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What Accepting the Atonement for Oneself Mean to Me

Jesus sends us into the world, fulfilling certain functions….We are sent to certain people….If, for example, our work takes us to the inner city…If we teach suffering and neglected children…If we seek to help free those who are oppressed…
Jesus needs us to be his apostles of peace, or teachers of God, because only through us can he complete the saving work he undertook to begin in his own life….He needs our eyes to see the suffering in the world, and yet see the light shining beyond it; he needs our ears to hear the calls for help of people frightened into responses of attack and violence; he needs our arms and feet to bring his hope and comfort to those who have forgotten him, he needs our voice to speak his message of salvation that all our sins have been forgiven. Most of all he needs our willingness to become his messengers of love. ~Ken Wapnick, 1983
The teachers of God need merely accept the Atonement for themselves, and that salvation of the world depend on their simply doing just that and only that. This is not an insignificant point….The ego's need to make the world and itself special will distort the words to mean that the Course student, now a seemingly advanced teacher of God, is asked by Jesus behaviorally to teach other students, heal the sick, or preach to the world.
One does not heal others, minister to others, or teach others; one simply accepts the truth within oneself by realizing the illusory nature of the ego….
Even more to the point, one cannot heal others because ultimately, if the world is an illusion, who is there to help?…Needless to say, the whole concept of helping presupposes a dualistic universe, of which God knows nothing….Passages like this poem [the closing paragraph of the Manual for Teachers] are meant to be taken as symbols of God's Love, and not as literal truth.~ Ken Wapnick, 1997

Having offered love, only love can be received.

 

It is in this that the teacher of God must trust. This is what is really meant by the statement that the one responsibility of the miracle worker is to accept the Atonement for himself. The teacher of God is a miracle worker because he gives the gifts he has received. Yet he must first accept them. He need do no more, nor is there more that he could do. By accepting healing, he can give it. If he doubts this, let him remember Who gave the gift and Who received it. Thus is his doubt corrected. He thought the gifts of God could be withdrawn. That was a mistake, but hardly one to stay with. And so the teacher of God can only recognize it for what it is and let it be corrected for him. ~ACIM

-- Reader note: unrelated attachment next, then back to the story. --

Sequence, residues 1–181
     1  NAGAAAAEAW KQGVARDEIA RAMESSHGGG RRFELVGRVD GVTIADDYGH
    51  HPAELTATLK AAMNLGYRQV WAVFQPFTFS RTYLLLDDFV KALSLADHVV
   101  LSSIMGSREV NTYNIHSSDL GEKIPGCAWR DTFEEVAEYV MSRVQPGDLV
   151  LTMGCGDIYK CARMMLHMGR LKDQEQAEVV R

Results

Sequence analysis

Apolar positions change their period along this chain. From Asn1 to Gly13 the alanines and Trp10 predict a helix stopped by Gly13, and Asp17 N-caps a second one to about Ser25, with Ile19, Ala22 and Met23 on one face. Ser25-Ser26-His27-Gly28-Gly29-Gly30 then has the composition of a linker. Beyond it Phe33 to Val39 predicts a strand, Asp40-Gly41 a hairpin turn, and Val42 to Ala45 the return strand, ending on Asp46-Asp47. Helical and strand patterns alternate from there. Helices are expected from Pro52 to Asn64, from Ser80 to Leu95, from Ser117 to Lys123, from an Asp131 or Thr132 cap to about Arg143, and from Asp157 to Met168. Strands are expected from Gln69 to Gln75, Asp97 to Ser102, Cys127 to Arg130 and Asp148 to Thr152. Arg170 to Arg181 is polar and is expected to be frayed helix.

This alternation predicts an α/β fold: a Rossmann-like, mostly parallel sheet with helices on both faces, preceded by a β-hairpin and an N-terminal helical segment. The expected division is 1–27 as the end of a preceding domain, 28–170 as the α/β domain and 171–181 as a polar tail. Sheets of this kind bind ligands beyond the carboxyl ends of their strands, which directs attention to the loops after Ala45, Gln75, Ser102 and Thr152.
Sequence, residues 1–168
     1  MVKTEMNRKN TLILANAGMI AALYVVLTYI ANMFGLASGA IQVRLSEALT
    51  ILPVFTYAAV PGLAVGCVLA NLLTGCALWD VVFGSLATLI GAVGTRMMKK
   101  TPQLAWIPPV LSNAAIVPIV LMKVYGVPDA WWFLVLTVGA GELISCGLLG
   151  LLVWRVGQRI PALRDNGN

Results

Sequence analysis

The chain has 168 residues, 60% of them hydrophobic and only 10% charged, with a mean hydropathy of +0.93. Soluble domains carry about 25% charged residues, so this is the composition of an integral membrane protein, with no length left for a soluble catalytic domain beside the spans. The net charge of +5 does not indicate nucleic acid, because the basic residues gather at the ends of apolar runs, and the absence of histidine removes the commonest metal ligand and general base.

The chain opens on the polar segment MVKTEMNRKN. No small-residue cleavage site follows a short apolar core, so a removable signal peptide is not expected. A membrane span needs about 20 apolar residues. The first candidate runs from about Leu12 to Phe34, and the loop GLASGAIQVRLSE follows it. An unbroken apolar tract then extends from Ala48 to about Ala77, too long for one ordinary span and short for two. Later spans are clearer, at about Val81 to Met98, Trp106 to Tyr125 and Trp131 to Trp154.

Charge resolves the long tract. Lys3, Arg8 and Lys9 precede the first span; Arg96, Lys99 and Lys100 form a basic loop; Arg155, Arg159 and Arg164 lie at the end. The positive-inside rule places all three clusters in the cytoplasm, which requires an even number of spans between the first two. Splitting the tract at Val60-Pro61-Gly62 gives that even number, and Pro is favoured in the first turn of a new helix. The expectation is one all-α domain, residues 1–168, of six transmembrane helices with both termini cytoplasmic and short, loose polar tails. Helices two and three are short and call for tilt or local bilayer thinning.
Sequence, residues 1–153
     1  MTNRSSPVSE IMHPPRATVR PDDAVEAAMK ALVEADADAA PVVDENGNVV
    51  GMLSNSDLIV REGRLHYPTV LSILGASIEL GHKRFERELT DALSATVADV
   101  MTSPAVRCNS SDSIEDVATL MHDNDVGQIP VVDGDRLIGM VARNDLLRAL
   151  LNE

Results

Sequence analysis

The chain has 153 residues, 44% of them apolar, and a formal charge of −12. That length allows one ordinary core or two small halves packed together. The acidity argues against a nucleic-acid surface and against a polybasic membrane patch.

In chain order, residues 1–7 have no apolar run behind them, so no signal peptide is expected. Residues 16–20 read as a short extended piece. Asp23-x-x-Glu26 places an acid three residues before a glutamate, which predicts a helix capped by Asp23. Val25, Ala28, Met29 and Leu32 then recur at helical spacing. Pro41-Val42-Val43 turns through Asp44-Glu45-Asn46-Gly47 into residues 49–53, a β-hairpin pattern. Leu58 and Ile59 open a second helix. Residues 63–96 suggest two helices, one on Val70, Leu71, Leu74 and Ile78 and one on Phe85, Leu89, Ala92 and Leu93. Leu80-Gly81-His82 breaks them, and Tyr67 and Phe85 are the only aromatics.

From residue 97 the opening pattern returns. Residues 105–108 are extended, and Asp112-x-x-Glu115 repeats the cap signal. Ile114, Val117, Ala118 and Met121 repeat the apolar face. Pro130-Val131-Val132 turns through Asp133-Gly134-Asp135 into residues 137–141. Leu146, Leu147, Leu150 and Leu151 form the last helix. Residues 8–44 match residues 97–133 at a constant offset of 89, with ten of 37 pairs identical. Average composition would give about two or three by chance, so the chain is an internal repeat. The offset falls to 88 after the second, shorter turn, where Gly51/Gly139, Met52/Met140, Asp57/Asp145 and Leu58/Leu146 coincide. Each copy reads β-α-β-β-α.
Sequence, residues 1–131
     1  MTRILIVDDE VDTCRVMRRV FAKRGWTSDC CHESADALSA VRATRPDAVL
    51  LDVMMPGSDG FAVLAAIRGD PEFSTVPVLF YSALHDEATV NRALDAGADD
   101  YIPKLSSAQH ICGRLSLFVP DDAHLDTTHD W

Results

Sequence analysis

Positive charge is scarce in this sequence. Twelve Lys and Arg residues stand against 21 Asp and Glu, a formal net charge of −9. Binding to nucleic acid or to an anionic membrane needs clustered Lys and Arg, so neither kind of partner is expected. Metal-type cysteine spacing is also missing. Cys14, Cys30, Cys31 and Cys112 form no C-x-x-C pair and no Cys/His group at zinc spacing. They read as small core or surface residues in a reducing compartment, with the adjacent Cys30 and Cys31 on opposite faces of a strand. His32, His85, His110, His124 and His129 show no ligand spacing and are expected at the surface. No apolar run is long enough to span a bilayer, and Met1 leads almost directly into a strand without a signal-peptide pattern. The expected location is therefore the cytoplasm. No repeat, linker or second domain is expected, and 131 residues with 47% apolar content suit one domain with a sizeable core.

Eric: In my time on the internet interacting with course circles, I have seen a phenomenon among some students that apathy equates to spirituality. It seems the less you care about anything, the more “spiritual” you are. This is also not that uncommon in some New Age teachings. There is this idea that if you try to do anything in this world, then you're making error real.

 

   Yet, I don't believe this is what the course teaches. If one were to use the “reasoning” that to do anything in this world would be to make error real, then everything from brushing our teeth, getting a haircut, paying our bills, going to work, eating ,sleeping, exercising, etc. would be making error real. In fact, Helen scribing  the course itself would only reinforce making the error real. Yet, tell someone that who believes that doing anything in this world would make error real, and they are sure to rebuff the statement with, “that doesn't count” or “ we don't mean that”. Yet, if one holds that doing anything in this world only makes error real, then the scribing of the course cannot be excluded from this. But if we don't exclude the course's scribing from this “rule” then it becomes apparent that this rule is rather ridiculous. What's even more ridiculous, is the teachers who are proponents of this idea, spend a great deal of time writing books on the course's teachings, doing seminars on the course's teaching, speaking at lectures about the course, and even taking “spiritual cruises all in the name of the course. That is obviously a lot of doing something in this world. Yet, somehow the teacher excludes themselves from the “rule” they postulate to everyone else.

 

   But shouldn't the sincere student question this? Does the student really believe that Jesus did nothing in his time on earth? That all he did was sit somewhere and accept the Atonement for himself and only that? When we stop blindly accepting what “authority figures” tell us and look to the implications of what they are saying, does it really make sense? For it to make sense, then the “authority figure” then must exclude himself/herself from the very statement they are making.  This then leaves us with another version of “Do as I say, not as I do.”